2,742Grants to


Largetooth Sawfish (Pristis pristis)

Mohamed bin Zayed Species project number 14258810

In search of the long-lost Largetooth Sawfish

Mohamed bin Zayed Species Conservation (Project No. 14258810) - Largetooth Sawfish  - Awarded $9,500 on November 10, 2014

The Largetooth Sawfish is a large, euryhaline, tropical species, occurring in freshwater, marine and estuarine environments. Its status in the Eastern Pacific is poorly understood, but it's thought to have disappeared from a large part of its former range. It may now be extinct in many countries, leading to a significant contraction of its extent of occurrence. Threats (bycatch, mangrove loss) are ongoing throughout this region, so any remnant populations are likely still in decline, especially as it's characterized by slow growth, late maturity, and low fecundity.

In Peru, P. pristis was thought to be extinct for >20 years. However, in January 2014, one of our team's ‘citizen scientists' documented the incidental capture of one individual in the Tumbes artisanal gillnet fishery. This inspired a window for action: as there are poorly-studied areas with suitable sawfish habitat, targeted surveys are required to locate remnant populations. In addition, this species' migratory nature can serve as a flagship for regional marine and mangrove conservation.

This project aims to assess the occurrence of Pristis pristis in Peru and the Eastern-Pacific, while building regional collaboration for this species' conservation.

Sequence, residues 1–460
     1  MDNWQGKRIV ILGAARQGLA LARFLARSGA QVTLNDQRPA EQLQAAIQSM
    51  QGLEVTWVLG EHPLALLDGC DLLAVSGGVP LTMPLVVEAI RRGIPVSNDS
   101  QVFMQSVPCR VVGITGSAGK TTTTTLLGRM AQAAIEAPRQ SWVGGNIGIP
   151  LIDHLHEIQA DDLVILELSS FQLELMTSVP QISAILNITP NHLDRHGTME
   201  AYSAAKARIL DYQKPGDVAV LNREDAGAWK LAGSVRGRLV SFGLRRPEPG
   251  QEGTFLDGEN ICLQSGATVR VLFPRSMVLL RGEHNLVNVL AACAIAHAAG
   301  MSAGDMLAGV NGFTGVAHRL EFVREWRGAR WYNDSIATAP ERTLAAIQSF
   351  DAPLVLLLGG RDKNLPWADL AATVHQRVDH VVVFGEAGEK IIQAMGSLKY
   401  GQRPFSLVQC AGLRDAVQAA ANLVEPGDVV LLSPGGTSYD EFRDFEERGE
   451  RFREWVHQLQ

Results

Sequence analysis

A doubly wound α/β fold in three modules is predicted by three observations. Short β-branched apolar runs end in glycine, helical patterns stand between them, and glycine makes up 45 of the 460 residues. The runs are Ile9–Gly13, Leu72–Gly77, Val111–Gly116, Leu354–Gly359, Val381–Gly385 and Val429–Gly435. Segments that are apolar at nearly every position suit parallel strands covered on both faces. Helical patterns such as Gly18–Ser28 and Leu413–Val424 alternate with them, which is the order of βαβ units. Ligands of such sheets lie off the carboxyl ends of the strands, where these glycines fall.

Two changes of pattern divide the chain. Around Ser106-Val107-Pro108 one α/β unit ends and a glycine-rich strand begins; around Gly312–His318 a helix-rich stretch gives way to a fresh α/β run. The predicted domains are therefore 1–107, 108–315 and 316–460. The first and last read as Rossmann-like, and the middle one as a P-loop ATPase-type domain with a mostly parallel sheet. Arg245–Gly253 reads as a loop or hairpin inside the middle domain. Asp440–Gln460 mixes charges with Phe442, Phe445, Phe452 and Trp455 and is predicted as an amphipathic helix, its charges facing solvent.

Project objectives are:
1. Assess present occurrence of Largetooth Sawfish in northern Peru and in suitable sawfish habitats of the Eastern-Pacific.
2. Increase knowledge on the conservation status of sawfish among artisanal fishermen, local authorities and students in northern Peru and the Eastern-Pacific, promoting the formation of a community reporting system for sawfish sightings.

We'll develop surveys to artisanal fishermen and community leaders at coastal and mangrove-adjacent communities in northern Peru. In addition, by establishing partnerships with other regional non-profits, we'll be able to expand these surveys along the East Pacific. In the event of encountering sawfish rostra, morphometric measurements, tissue samples and photographs will be collected. In Peru, surveys on sawfish trade will also be conducted among the cock fighting industry, which is said to import sawfish teeth to manufacture artificial spurs. We'll additionally host awareness workshops at local schools and fishermen associations, and meetings with local authorities and resource managers. Posters, calling for the community to report sawfish sightings, will be widely distributed, and shared throughout the Eastern Pacific region.


Project documents